Optimism difficult, but necessary

I try to maintain a positive outlook on life. However, I will admit that were you to ask my family and friends, they would tell you I do a fairly lousy job of it.

In my defense, when I look at the world today, I can’t help but think that even the most “glass half full” folks out there must wonder if said glass has sprung a leak.

As I write this, the country is trying to process the senseless killings of a TV news reporter and photographer by a deranged former co-worker. Not only did this man murder his victims on live television, he shot video of the whole thing and posted it on social media before killing himself.

Closer to home, two more shootings occurred in Indianapolis last night. Anymore, that’s a fairly quiet evening for Indy’s police department.

In the past few days many of us have watched our retirement funds take a big hit as the stock market plunged. I don’t claim to understand the workings of the stock market, but best I can tell, millions of Americans lost a chunk of their retirement savings because some people were worried about the slowing of China’s economy.

Or maybe some government minister is Greece defaulted on his bar tab, causing investors to panic. Who knows? Both explanations make the same amount of sense to me.

Am I the only one who thinks there needs to be a better way for Americans to save for retirement than playing stock market roulette?

In the Middle East, Islamic State group is brutally murdering anyone who gets in its way and even those who don’t. The terror group also is destroying priceless antiquities and thousands of years of cultural heritage. It has spread its message of hate around the globe, inspiring all manner of terror attacks.

And nobody seems able (or willing) to stop it.

How much longer will the rest of the world let this continue? Are we so weary of fighting an unnecessary war that we’re not willing to do what is necessary to stop the greatest threat to peace since World War II?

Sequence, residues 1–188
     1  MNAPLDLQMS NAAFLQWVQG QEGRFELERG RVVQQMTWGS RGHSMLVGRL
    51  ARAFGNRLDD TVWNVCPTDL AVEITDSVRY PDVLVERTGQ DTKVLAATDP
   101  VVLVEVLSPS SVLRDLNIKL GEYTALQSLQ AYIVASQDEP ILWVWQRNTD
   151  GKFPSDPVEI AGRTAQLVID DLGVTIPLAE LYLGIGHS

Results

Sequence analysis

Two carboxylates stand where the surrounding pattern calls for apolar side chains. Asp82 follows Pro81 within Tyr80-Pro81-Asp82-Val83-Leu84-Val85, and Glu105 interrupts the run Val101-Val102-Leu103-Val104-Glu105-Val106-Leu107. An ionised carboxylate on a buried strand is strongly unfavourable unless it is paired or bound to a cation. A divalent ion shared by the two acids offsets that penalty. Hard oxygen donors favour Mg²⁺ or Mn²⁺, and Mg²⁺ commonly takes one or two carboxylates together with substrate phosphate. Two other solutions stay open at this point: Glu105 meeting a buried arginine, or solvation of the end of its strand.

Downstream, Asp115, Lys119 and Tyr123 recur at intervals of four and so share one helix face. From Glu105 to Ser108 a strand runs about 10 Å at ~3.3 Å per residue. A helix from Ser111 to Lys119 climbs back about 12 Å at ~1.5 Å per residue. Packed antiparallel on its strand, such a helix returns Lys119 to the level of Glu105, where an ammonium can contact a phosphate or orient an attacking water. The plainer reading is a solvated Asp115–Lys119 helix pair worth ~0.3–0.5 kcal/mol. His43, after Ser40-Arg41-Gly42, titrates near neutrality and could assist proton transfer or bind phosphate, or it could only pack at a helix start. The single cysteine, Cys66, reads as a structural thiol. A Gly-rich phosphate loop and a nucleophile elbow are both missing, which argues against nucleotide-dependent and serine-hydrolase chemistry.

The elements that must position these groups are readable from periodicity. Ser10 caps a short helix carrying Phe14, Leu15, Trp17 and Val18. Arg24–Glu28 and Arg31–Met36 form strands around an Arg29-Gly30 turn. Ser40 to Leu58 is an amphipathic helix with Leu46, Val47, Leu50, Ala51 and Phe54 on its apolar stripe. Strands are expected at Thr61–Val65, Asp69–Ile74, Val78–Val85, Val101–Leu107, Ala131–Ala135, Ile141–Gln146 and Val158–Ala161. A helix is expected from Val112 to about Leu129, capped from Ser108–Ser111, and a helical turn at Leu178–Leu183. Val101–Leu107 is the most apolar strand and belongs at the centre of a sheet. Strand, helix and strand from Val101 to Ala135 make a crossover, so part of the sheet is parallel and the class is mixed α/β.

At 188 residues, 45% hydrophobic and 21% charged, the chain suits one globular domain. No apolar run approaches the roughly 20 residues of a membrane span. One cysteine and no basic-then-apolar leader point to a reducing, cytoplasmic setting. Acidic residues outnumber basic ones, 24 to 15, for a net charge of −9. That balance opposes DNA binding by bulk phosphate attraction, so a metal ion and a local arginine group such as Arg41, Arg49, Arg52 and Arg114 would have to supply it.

Here at home, our federal government is completely dysfunctional and shows no sign of coming to its senses. We have enough presidential candidates to start a marching band. Unfortunately, in my humble opinion, none of them is qualified to polish George Washington’s or Abe Lincoln’s boots, let alone fill their shoes.

Instead of meaningful political discourse, these would-be leaders of the free world trade insults via Twitter: “I know you are, but what am I?” I’m not even sure they’re qualified to lead a marching band.

People are angry, and rightfully so.

Closer to home, Jared Fogle, Indianapolis native and longtime pitchman for Subway, recently pleaded guilty to charges of child pornography and having sex with minors. Yuck. I have a photo I shot of Jared and my wife standing side by side after he autographed a copy of his book for her in Columbus a few years ago. He’s got his arm around her. Yuck.

I could go on and on about drugs, health care, the environment, etc., but you get the point.

Still, easy as it is to believe that the world has gone insane, I think it’s important that I try to be as positive about the future as I can. I don’t know about you, but I have a lot more than my rapidly shrinking retirement fund invested in the future. I’m talking about my children and grandchildren.

In order to sleep at night, I have to believe that things aren’t as bad as I think they are, or if they are, that they will get better. I have to believe that my five grandchildren won’t grow up in a world where the cup is empty.

I think of them every time I see news footage of kids their age struggling to survive in refugee camps or dodging rockets that have already killed their parents.

So, despite my sometimes gloomy outlook, I remain positive that the people of Earth will wake up soon and realize that no matter our race, religion, age, political party, sexual orientation or any of the other things we use to label and divide, we are all the same.

Things will get better. They simply must.